Teams are the principal building blocks of the strategy of successful organizations. The focus of your organization may be on service, quality, cost, value, speed, efficiency, performance, or any other similar goals, but teams remain the central methodology of most organizations in the private, non-profit, as well as government sectors.
Benefits of a Team
We need people.
Boring has been the cry of exercisers for years. With no help in site.
I think we addressed the boring issue from the wrong direction. Over the years new routines, machines and systems have been developed to address the boring dilemma.
What motivates us human beings are people. People change people not equipment or more routines.
People who workout alone have a HIGH drop out rate. Why? Both men and women report that family responsibilities and lack of spousal support are their main reasons for dropping out. What we need is mild peer pressure or what I call creative peer pressure, just enough of a friendly nudge to keep you coming back.
The Solution: If you’re married, include your spouse in a fitness program. If you’re not married, find a friend, relative or significant other that will partner up with you. A fitness partner will provide you with a support system and motivation that will foster adherence to your fitness program. It’s much easier to be enthusiastic about your workout if you know someone is depending on you to be his or her teammate.
Group vs. Team
Everybody belongs to some sort of group. Families, workplaces, places of worship all function as groups in our lives. But are they effective teams? What’s the difference? You can be in a group of people and never function as a unit. Think of a gym or a traditional aerobics class. That’s group exercise. A lot of people in one room working out. But it’s not a team. There’s no collaboration, no partnership, and no teamwork. Isn’t that what we want? Everywhere that we go we see groups, but wherever we find success we discover that it’s a result of teamwork.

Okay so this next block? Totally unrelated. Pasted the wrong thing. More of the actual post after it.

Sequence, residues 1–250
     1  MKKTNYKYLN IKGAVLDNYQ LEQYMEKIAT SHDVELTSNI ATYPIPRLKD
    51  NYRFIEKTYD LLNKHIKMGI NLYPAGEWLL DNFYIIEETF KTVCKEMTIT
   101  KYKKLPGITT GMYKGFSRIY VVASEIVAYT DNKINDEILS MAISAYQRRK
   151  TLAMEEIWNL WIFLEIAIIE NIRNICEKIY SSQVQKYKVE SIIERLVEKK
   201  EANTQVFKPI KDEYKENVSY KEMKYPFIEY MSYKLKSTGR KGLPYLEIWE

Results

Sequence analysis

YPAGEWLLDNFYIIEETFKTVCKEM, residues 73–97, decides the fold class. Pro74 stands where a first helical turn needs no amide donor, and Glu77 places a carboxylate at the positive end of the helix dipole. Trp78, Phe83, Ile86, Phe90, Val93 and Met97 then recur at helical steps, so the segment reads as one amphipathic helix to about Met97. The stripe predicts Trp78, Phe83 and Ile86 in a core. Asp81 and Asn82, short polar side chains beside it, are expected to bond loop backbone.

Anyone can throw a group together, but how do you build a team? There are plenty of programs out there that claim to build teams. However, their programming is limited to one session, one day, or maybe one week. Can you really build a team in that short amount of time? Corporate programs offer seminars and outdoor adventure team-building activities. But they are just activities and events, not a consistent, regular effort to implement team skills into the workplace. Certainly, excitement will soar as people guide a raft down a river, participate in a ropes course, or climb rocks… but will an effective team emerge and remain for weeks and months to come? Probably not. The feelings will subside after a few days and people will go on with their own personal work agendas.
The Bottom Line
The bottom line with Team of 3 is fun. This is what sets Team of 3 apart from any other fitness program. People are in an environment that is comfortable– they’re comfortable enough to pursue both physical fitness and build relationships within their organization. Fun enables people to sustain their goals.